Chase reported the 5-cent 1847 ink was a iron oxide-based ink.  Roy White in the Philatelic Foundation’s Color in Philately disputes this, stating that more modern spectrographic analysis shows the base was lead oxide for the brown shades.  He reports that lead dioxide is a dark chocolate-brown and can be decomposed by reducing agents to create a yellow lead oxide.  He notes that lead oxidizes to a black color.

White added that the orange colorant in the 1851 printing contained chromium when analyzed by spectrograph.  This suggests lead chromate (chrome orange) was an ingredient of the late printings.  It should be noted that it could be chemically altered to produce redder or darker orange hues.

Sulphur in the air, together with skin acid, have darkened most of the 1847 issues.  They cannot be ‘reduced’ back to the original colors without some damage, when then can be ‘reduced’ at all.

Printing Background

The first order to print the 5-cent 1847s was placed June 1, 1847 and apparently received June 3, 1847 if Luff’s data is correct.  It included 3,000 sheets (6000,000 stamps) of the 5-cent value.  The stamps were ready Saturday, June 26th.  Special agent John Marron, who was to head the new stamp department in Washington, came to New York on the 29th to take possession.

Marron hand-delivered 300 sheets to the New York postoffice on July 1 and then went on to Boston to make a 200-sheet delivery on the 2nd.  Returning to New York, he took the train south, stopping overnight at Philadelphia where he dropped off 200 sheets of the 5-cent on Wednesday the 7th.  He then delivered some 15 sheets to the Washington office on the 9th.  Subsequently, 2½ sheets were delivered to Baltimore on July 16.  No other 5-cent stamps were distributed until July 29th.

We do not have production records from Rawdon, Wright Hatch and Edson from 1847 to tell us just what happened in the printing.  We do know that in 1851 on the first pence issues of Canada, they took just over a week from receipt of the order to plate proof (Wednesday march 27 to Monday April 7).  They then made delivery of 500 sheets by the 15th, a week later.

Further, we know that in producing the 1861 issue, the National Bank Note Company had print runs of about 1,700 sheets per press per week.

As there was only one 5-cent 1847 plate, of 200 stamp impressions, it would be about two weeks of production at the 1861 rate to produce the initial printing.  If we subtract the time from order to plate proof needed for the Canadian 3d beaver stamp from the 1847 time available (June 3-266), it would appear that production covered 13 days and was at the rate of 230 sheets a day on a six day week.  This means production stretched over three weeks.

The production figures adduced above are in line with other data such as the rates of printing found at Perkins Bacon in England where production was running about 400 sheets a day by 1850, with the initial day or so being below 150 sheets.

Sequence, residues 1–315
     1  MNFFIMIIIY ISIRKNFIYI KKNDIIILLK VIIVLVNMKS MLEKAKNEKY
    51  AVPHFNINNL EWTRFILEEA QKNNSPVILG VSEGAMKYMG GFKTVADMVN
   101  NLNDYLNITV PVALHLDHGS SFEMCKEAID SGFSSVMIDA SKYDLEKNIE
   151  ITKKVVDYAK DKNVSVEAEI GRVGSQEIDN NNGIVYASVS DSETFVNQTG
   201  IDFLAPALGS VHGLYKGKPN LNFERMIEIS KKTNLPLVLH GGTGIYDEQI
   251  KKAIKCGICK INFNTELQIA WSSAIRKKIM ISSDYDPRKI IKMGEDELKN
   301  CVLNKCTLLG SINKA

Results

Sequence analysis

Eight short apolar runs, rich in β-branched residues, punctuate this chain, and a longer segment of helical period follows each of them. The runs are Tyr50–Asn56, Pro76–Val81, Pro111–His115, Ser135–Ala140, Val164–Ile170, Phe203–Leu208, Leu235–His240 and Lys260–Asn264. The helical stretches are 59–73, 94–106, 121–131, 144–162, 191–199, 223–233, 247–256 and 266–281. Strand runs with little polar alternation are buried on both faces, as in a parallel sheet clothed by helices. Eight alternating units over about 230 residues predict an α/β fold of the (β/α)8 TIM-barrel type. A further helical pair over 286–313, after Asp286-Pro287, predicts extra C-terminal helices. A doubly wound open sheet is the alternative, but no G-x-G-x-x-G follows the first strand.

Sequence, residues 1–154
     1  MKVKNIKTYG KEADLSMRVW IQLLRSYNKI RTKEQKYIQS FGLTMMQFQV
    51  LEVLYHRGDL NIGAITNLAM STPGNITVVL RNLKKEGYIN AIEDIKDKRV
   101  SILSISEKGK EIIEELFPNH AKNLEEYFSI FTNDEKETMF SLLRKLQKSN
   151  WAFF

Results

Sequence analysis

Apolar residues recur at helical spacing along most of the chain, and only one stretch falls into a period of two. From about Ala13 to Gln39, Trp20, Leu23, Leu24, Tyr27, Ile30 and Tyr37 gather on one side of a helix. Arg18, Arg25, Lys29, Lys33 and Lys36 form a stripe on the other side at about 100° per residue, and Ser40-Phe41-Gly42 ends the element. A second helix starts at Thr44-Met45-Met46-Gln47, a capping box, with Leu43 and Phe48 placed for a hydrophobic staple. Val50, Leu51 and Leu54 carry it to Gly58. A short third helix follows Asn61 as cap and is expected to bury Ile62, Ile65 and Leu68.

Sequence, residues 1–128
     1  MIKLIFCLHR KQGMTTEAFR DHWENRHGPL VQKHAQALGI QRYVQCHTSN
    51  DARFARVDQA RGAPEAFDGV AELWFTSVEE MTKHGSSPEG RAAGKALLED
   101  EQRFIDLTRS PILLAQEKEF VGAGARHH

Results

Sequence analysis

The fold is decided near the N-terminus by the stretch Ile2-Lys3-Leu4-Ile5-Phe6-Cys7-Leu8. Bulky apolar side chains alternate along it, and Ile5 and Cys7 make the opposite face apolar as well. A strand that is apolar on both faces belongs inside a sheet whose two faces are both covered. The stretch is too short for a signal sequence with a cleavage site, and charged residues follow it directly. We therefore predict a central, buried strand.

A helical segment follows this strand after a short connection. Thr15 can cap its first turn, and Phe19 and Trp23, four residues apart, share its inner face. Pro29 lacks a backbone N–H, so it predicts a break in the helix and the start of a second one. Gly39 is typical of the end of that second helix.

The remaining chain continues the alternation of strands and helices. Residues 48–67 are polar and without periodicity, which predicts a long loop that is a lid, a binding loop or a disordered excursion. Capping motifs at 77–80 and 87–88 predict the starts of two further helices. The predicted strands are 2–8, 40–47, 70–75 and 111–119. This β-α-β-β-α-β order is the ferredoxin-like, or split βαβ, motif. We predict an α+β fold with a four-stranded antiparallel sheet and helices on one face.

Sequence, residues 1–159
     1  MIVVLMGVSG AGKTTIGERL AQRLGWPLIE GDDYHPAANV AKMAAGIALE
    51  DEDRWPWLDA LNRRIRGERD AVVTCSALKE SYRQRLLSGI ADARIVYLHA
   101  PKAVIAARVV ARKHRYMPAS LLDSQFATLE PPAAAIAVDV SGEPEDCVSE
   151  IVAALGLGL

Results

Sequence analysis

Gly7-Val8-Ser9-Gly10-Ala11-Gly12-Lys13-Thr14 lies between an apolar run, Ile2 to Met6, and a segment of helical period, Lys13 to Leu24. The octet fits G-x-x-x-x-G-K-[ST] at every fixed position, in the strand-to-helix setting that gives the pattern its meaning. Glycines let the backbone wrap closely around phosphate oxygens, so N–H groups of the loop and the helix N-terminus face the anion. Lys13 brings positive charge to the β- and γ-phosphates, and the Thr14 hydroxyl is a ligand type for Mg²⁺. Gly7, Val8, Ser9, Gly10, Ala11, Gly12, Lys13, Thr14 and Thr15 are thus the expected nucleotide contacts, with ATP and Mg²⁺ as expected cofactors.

In addition to considering the production rate, it is necessary to remember how the printing was done to understand the colors of the 1847 issue. First, the paper was printed wet.  Once printed, they had to go to a drying room before gumming.  After gumming, it had to be dried again before finally ending up in the stack, which would eventually be used for shipment.  This means the sheets in the stack used for shipment are not necessarily in the order in which the sheets were printed.

John O. Griffiths refreshed my memory in regard to the impact of security regulations on this sheet stacking process.  As he correctly reminded me, each group of sheets had to be locked up each evening when production ceased.  Thus, certain printed sheets would have gone forth to the drying room to be stacked there.  Others would have gone to the gumming room to be grouped there.  Consequently, any of the 230 sheets produced in a given day might end up several hundred sheets away from the next sheet produced when the finally stacks used for shipment are considered.

Griffiths also pointed out that when the government wanted the first sheets off the press as control samples, Perkins Bacon objected.  The printers insisted that it took a certain amount of production before the pulls were right to use as samples so that the test sheets on a new plate were not the first pulled off but more like the 125th.

At the time of the 1847s, color mixing was still an art.  Periodically, a new ink formulation would have to be made and checked.  A new batch might be made up weekly or daily.  Even when the ink was the same, it needed stirring and occasionally additional thinner.  Consequently, there could be substantial variation even within the same day.  The first sheets pulled might show a bit more black was needed so that we get a difference in shades.  Or, the printer might not have stirred for a while so that production was running light and then, when the sedimented paint particles were stirred, you et a much darker shade such as the dark brown shades of black grown, etc.